So it’s from working with [the clients] on kind of a level of, “Oh, we found this building and we’re looking at this and we want to brew X amount” and “Okay, well that’s going to take these many tags”, and “Are we serving there or not?”
Stephen: And a different budget.
Derrick: Yeah and a different budget, you know it’s the dealing with the idea from the client and also the reality.
BWSG: So you’re bringing them down back to earth in a way?
Stephen: Yeah. Everybody comes to the table with a different set of experiences in other breweries. From a brewey’s standpoint, I can ask,” What’s the best practice? What is everybody else doing with respect to this?”
And everybody does something different and all that is from the system that they’re working on– the inherent weirdness or oddities of the building that they were in before that caused a certain piece of equipment to be set up differently, that in a way, another brewery wouldn’t do. Well you can’t do it normally, so this is how we make it work.
Then [the clients] actually got used to that and seems to be the norm for them. So then the in the new brewery, they are like, “Yeah that’s how we do it. That’s not how anybody else does it. That’s okay, that’s how we do it.”
Alright, the best practice is actually maybe what your most comfortable with…
And well at the same time, [we are] introducing them to other concepts that we have seen along the way that other people have liked. Sometimes they’re like, “Oh I haven’t thought of that before,” or other times, “Just let me brew the way I like to brew.”
Yeah it’s like if you’re going to ask Chip at Live Oak, how to make the best Hefe, he’s going to say horizontal dairy style tanks, not vertical tanks. And he makes the best hefe around according to a lot of people. Most people would go into that situation saying, “Oh I need horizontal tanks.” …Which take up different square footage.
Those are the things we would never know because we don’t have that brewing experience. We don’t have that twenty years of knowledge, but we become a sponge in those conversations.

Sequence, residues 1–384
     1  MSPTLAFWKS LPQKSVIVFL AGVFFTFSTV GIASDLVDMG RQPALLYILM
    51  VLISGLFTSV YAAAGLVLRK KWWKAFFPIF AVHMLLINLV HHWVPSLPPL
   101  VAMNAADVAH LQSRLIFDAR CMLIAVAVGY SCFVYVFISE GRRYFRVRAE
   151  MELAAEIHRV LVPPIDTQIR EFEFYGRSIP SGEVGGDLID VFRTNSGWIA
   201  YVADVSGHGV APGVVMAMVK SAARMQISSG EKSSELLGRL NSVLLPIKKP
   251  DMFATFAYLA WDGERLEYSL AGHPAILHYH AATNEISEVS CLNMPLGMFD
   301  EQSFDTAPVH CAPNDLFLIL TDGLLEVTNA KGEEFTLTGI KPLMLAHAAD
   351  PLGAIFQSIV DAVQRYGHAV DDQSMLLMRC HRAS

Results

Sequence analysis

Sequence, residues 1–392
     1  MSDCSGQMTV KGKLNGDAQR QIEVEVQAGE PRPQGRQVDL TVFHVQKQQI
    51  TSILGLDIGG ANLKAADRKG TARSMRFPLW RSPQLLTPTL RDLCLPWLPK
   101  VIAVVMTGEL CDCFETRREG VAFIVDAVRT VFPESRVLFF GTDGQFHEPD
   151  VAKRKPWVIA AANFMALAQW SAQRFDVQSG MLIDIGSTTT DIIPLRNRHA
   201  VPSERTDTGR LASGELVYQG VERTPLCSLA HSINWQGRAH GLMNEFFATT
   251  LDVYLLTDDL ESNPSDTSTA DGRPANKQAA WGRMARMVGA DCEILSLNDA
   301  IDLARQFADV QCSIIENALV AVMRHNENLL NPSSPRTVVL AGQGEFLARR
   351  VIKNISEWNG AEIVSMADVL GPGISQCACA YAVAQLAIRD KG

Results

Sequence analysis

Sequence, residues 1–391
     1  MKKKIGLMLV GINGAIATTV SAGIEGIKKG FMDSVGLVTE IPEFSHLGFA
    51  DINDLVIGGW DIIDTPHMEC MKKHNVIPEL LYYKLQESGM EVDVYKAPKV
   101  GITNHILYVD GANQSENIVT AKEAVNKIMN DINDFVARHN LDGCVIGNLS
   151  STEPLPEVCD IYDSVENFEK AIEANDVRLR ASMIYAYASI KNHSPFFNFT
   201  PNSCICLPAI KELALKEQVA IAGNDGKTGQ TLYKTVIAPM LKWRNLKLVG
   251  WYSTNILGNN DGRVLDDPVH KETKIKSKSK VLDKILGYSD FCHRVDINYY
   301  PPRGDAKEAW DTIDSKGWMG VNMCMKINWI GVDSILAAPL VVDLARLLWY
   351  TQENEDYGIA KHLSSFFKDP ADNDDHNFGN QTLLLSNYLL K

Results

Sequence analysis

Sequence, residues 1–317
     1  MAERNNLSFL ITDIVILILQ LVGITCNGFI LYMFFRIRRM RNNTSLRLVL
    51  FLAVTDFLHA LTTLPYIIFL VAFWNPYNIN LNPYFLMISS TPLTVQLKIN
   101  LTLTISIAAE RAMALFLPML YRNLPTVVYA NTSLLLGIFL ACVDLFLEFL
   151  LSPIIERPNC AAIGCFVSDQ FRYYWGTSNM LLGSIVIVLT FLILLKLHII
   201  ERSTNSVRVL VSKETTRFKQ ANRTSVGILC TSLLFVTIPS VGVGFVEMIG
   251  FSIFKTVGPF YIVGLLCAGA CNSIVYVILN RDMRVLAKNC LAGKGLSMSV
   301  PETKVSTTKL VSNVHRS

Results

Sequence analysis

We go, “Tell us all the good stuff.” And it helps us be better architects for them to know that there is actually a range of options. That’s why I think we have a lot of value compared to maybe other people, or doing a brewery for somebody as a one off thing, is they only know what that brewery tells them.
They may design something beautifully and all that, but to be able to just really bounce ideas back and forth is probably a rarity for most people who are getting a brewery built. When they are working with architects– they’re just not– there’s only a couple of people in the country who do what we’re doing. That’s a niche.
That’s made a lot of fun and we can’t imagine a better niche. Before we were doing a lot of breweries and distilleries, and now wine, and cider, and mead. It’s all about the back of house, front of house, and brand relationship for us. It’s not about the alcohol.
Could you walk me through a very basic overview of the process that goes from when somebody wants to open a new brewery, finding you guys, and getting started on building a brewery.
Stephen: At this point it’s 90% word-of-mouth of people sharing our name. Which I think always speaks well to having a good reputation amongst the people you’ve already done business for.